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FIGHTING WILDFIRES

Wildland Firefighter Hotshot Crew moves toward water resupply point before resuming duties. Image provided by is US Forest Service Technology and Development Program.

Wildland Firefighter Hotshot Crew moves toward water resupply point before resuming duties. Image provided by US Forest Service Technology and Development Program.

Every year, hundreds of thousands of acres of land burn across the United States and wildland fire fighters (WFFs) are asked to protect our lives, our homes, and our forests. But fires are unpredictable and dangerous. Between 2000-2016, based on data compiled in the NIOSH Wildland Fire Fighter On-Duty Death Surveillance System from three data sources, over 350 on-duty WFF fatalities occurred. 1,2,3  Common hazards faced on the fire line can include burnovers/entrapments, heat-related illnesses and injuries, smoke inhalation, vehicle-related injuries (including aircraft), slips, trips, and falls, and others.4  In addition, due to prolonged intense physical exertion, WFFs are at risk for sudden cardiac deaths, and rhabdomyolsis.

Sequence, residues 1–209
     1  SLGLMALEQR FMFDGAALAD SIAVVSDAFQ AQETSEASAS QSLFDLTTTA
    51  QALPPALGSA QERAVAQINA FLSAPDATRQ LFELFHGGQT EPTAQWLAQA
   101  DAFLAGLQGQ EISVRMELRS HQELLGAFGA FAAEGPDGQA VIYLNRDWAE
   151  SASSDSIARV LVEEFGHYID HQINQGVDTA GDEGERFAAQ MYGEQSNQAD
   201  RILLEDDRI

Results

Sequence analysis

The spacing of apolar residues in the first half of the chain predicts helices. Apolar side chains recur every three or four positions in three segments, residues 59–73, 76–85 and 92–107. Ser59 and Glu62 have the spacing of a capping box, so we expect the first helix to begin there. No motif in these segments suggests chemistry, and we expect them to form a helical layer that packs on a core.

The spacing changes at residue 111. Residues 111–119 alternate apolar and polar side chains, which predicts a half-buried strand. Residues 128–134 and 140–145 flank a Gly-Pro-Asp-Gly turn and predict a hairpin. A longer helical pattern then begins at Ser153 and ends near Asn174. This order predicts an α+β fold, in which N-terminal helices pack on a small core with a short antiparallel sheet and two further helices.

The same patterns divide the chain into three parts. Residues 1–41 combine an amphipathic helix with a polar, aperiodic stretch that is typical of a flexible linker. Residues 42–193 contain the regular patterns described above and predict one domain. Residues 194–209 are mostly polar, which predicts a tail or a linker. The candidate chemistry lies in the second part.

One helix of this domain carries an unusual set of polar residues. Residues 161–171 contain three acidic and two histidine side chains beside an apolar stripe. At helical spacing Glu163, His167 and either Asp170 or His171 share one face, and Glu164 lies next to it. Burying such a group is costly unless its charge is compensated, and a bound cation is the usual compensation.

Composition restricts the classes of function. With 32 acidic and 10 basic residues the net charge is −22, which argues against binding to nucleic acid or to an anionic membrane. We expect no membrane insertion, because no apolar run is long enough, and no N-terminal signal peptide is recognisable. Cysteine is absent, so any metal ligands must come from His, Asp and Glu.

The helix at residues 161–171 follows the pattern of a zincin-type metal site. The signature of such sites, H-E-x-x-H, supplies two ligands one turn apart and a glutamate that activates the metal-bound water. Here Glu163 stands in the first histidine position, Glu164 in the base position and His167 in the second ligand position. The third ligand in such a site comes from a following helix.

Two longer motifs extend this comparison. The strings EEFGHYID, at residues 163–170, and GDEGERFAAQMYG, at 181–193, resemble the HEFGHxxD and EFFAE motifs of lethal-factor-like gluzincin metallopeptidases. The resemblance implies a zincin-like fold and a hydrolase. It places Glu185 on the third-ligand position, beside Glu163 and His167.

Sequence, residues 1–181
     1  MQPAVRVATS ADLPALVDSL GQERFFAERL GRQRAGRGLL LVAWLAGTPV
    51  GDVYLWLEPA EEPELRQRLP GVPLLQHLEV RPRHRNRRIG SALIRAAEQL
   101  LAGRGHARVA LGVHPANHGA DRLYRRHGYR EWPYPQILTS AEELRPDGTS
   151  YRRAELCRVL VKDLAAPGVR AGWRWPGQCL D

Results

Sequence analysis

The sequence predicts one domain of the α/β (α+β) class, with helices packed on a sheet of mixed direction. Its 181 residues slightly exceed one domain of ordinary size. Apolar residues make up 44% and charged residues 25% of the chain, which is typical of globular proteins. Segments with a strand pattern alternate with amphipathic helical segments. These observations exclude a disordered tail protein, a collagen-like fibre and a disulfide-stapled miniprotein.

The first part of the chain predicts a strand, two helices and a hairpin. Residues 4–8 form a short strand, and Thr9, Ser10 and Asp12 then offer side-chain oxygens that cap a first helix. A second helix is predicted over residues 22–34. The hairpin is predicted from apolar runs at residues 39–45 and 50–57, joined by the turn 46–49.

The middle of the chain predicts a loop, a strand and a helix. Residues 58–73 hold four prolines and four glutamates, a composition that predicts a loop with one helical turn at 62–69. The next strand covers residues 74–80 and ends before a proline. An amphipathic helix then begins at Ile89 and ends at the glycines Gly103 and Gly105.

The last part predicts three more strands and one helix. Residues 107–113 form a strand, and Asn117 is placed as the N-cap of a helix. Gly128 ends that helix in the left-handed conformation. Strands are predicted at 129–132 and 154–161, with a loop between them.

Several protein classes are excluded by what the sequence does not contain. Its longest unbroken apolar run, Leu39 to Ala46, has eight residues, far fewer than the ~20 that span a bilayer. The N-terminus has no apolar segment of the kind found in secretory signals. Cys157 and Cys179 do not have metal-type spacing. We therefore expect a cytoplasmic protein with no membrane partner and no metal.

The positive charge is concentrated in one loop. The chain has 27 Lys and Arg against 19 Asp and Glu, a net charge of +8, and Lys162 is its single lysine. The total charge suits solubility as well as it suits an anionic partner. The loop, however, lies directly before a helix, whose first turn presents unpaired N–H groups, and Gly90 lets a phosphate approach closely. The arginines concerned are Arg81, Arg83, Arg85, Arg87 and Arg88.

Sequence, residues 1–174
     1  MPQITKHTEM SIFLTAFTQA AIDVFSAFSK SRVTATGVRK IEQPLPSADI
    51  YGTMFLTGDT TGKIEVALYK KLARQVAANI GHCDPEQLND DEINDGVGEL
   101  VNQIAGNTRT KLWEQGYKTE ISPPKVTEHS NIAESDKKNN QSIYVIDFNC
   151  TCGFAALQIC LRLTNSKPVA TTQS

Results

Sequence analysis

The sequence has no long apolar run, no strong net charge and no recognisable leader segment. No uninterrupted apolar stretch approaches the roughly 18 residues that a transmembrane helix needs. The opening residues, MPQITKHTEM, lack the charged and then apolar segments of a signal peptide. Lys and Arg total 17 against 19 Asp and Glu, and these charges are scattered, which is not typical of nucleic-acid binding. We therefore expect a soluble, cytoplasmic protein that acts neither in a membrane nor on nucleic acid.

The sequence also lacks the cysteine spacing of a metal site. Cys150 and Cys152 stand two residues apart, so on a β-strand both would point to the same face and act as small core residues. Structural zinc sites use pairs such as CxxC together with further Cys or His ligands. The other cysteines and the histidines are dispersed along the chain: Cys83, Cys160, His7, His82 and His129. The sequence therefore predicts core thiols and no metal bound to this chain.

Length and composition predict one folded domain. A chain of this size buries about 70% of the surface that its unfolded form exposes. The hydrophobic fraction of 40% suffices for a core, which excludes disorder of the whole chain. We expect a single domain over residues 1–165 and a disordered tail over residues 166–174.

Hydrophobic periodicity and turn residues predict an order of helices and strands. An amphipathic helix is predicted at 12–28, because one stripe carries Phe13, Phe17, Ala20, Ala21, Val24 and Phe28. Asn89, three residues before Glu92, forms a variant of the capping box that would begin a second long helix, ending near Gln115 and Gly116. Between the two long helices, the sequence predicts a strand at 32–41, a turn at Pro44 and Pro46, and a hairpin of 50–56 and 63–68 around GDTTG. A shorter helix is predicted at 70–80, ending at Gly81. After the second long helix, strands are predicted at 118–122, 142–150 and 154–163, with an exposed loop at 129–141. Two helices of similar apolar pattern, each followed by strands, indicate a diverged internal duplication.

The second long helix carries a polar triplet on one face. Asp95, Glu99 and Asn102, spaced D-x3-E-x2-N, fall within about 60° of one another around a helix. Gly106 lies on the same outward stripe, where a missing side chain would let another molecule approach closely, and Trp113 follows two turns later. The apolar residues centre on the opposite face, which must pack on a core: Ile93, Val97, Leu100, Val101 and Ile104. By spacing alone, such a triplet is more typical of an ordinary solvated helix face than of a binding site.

NIOSH offers resources for fire departments, fire fighters, and partner organizations to prevent on-duty injuries, illnesses, and deaths from hazards and exposures associated with fighting wildfires.

CDC and NIOSH also provide resources for responders in conducting rescue and clean-up activities.

Learn how wildland fire fighters can stay safe and healthy at work:


References

  1. Federal Emergency Management Agency, Fire Administration (US). [2017] Fire Fighter Fatalities in the United States. Date accessed: January, 2017.
  2. National Wildfire Coordinating Group, Risk Management Committee. [2017] Safety Gram Archive. Date Accessed January, 2017.
  3. National Fire Protection Association (US). [2017]  Fatalities and Injuries. Date accessed: January, 2017.
  4. Britton C, et al., Epidemiology of injuries to wildland firefighters. Am J Emerg Med. 2013 Feb; 31(2):339-45. [Epub 2012 Nov 15].
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